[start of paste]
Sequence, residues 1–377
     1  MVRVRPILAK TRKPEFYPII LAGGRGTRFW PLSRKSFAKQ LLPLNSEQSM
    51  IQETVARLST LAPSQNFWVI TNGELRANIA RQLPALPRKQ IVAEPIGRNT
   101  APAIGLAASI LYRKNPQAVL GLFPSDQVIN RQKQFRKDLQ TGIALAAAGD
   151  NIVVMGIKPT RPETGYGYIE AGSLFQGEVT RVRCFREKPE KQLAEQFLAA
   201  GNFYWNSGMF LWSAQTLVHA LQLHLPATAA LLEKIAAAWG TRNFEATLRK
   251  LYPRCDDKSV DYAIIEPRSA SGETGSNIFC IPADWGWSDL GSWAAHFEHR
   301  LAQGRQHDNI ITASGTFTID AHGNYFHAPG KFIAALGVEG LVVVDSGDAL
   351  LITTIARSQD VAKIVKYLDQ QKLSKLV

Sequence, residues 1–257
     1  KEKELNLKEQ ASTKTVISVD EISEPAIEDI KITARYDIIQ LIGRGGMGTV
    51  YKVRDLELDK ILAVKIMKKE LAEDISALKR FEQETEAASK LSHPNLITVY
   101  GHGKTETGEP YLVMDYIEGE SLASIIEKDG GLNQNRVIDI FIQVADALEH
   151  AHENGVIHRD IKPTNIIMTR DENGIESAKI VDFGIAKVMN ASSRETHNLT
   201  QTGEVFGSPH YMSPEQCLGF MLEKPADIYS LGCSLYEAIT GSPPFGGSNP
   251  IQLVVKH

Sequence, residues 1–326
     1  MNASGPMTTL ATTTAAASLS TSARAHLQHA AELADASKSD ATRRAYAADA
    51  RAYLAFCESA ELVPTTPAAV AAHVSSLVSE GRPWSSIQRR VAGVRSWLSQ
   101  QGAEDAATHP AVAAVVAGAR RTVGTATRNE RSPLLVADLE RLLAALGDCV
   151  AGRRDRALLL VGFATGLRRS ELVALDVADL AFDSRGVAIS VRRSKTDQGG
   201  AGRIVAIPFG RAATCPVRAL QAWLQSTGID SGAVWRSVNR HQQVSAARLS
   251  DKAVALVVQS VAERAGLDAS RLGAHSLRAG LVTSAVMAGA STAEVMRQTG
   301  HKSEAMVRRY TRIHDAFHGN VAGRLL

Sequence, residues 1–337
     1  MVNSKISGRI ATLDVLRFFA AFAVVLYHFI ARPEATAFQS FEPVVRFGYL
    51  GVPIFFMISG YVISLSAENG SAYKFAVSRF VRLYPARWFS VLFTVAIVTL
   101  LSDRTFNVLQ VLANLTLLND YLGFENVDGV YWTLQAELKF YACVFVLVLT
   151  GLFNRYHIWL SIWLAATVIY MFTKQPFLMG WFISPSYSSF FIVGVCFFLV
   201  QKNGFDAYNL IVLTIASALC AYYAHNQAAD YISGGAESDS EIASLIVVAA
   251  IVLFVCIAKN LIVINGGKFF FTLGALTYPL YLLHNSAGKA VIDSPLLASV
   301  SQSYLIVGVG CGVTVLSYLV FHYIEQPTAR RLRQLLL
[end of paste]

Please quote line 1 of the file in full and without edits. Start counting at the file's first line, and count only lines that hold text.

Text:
Sequence, residues 1–377